VANCOUVER - A growing number of British Columbians think this is a good time to buy a home, though most say it isn't a good time to sell, a new Ipsos Reid poll has found.
The poll found that some 71 per cent of respondents said it is a somewhat good or very good time to buy real estate.
In November, only 60 per cent of respondents told Ipsos Reid it was a good time to buy.
In the latest poll, 82 per cent said now is not a good time to sell a home.
Hanson Lok, senior research manager at Ipsos Reid in Vancouver, said as market conditions improve for buyers, there also seems to be a growing number of British Columbians gathering on the sidelines to contemplate buying new homes.
Three in 10 respondents said they were considering a purchase in the next two years, up from 20 per cent when the same question was asked in November.
"We are seeing a greater number of first-time home buyers in particular looking to take advantage of more affordable homes, incentives from the government and lower costs of borrowing," Lok said in a news release.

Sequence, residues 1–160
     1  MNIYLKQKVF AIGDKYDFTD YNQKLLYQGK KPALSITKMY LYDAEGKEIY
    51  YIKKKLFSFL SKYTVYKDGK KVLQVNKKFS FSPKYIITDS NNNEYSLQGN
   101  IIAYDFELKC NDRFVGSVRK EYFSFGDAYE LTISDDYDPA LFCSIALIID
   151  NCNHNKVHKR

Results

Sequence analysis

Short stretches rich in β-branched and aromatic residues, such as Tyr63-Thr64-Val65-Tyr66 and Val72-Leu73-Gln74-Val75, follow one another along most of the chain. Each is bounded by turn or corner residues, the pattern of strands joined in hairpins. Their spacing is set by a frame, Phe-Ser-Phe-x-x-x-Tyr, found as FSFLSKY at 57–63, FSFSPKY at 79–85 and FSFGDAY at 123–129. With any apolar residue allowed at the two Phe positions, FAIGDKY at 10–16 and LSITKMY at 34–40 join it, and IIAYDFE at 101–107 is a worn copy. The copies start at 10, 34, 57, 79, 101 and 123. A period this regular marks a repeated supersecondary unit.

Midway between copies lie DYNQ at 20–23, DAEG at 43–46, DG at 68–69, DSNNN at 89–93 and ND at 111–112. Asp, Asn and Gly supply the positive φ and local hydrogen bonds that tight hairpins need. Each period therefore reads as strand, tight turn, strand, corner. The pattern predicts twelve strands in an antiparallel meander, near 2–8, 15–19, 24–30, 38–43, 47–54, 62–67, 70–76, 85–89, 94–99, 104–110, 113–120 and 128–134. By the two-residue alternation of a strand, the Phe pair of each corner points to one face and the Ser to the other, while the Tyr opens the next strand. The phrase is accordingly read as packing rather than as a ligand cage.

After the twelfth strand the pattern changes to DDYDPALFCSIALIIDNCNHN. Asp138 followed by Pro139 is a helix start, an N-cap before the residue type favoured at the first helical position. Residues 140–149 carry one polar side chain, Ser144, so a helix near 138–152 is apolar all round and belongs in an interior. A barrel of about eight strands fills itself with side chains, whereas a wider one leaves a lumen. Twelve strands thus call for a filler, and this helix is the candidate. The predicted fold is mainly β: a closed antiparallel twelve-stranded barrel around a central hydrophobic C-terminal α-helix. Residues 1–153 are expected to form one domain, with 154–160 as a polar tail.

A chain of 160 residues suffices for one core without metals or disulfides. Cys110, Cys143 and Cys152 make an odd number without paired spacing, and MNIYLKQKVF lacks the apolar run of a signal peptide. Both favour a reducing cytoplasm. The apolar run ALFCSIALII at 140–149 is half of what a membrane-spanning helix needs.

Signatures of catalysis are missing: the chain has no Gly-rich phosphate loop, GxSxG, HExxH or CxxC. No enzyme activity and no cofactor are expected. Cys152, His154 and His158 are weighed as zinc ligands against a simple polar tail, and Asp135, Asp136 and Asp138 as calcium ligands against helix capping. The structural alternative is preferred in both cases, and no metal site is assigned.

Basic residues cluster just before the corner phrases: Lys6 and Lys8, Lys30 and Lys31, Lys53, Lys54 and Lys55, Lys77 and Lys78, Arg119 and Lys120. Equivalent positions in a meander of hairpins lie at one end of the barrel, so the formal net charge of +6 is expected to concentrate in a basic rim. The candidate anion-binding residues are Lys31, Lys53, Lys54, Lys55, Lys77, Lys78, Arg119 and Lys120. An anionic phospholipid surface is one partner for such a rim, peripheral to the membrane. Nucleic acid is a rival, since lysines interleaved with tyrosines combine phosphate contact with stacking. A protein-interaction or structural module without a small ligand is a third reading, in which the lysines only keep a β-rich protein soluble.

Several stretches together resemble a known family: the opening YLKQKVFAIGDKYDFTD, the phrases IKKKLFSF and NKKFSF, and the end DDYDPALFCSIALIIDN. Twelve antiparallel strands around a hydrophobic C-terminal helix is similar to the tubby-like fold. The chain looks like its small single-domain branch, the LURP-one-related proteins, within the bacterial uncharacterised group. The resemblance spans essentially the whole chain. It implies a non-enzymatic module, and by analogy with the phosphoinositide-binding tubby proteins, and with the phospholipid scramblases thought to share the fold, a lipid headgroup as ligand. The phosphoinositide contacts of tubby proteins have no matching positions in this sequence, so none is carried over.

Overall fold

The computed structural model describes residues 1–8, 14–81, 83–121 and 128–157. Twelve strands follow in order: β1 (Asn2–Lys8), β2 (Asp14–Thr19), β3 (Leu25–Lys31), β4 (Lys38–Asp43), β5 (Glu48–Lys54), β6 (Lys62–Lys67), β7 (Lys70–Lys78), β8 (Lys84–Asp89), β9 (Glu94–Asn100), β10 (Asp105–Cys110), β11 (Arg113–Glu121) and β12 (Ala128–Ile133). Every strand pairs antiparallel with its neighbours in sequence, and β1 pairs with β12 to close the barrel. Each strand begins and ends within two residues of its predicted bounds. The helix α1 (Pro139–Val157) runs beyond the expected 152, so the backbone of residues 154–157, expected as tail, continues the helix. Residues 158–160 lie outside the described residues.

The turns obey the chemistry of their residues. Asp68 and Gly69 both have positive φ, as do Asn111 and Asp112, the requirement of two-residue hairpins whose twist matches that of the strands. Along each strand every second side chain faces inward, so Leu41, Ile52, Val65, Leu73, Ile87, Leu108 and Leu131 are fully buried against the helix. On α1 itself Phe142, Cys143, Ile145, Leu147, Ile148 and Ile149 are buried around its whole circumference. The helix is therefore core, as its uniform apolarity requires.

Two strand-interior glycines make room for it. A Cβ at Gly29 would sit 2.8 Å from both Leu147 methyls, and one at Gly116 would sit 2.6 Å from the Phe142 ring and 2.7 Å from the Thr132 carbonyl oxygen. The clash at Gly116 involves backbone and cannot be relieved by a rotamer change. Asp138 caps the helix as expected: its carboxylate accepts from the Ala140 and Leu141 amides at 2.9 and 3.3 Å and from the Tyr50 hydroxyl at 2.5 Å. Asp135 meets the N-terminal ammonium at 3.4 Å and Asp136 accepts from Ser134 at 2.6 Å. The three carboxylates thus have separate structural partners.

The new poll also found that British Columbians' expectations for falling prices have been muted since November.
While the B.C. Real Estate Association has forecast price declines of 13 per cent in 2009 and Canada Mortgage and Housing Corp. is predicting drops of around 10 per cent in Metro Vancouver, only 42 per cent of respondents to the recent Ipsos Reid poll said they expected prices to be lower 12 months from now.
That is down from November, when 57 per cent said prices would be lower a year later.
Across the Lower Mainland, including Metro Vancouver and the Fraser Valley, respondents' expectations were for a further 2.3-per-cent decline in prices.
Across the rest of B.C., respondents believe prices will drop another four per cent.
Statistics Canada reported new-home price data for December showing that in Metro Vancouver, prices had fallen 2.3 per cent from the same month a year ago.
Vancouver's price decline was the fourth steepest among cities on the downside of their cycles following Victoria, Calgary and Edmonton, which saw the steepest year-over-year drop of 8.2 per cent.
Victoria's decline in December was about three per cent from the same month a year ago.
Nationally, the housing price index declined by one-tenth of a percentage point from November to December, which weighed on gains made in the measure over the year.
The national HPI for December was up 0.4 per cent compared with the same month a year ago.
© Copyright (c) The Vancouver Sun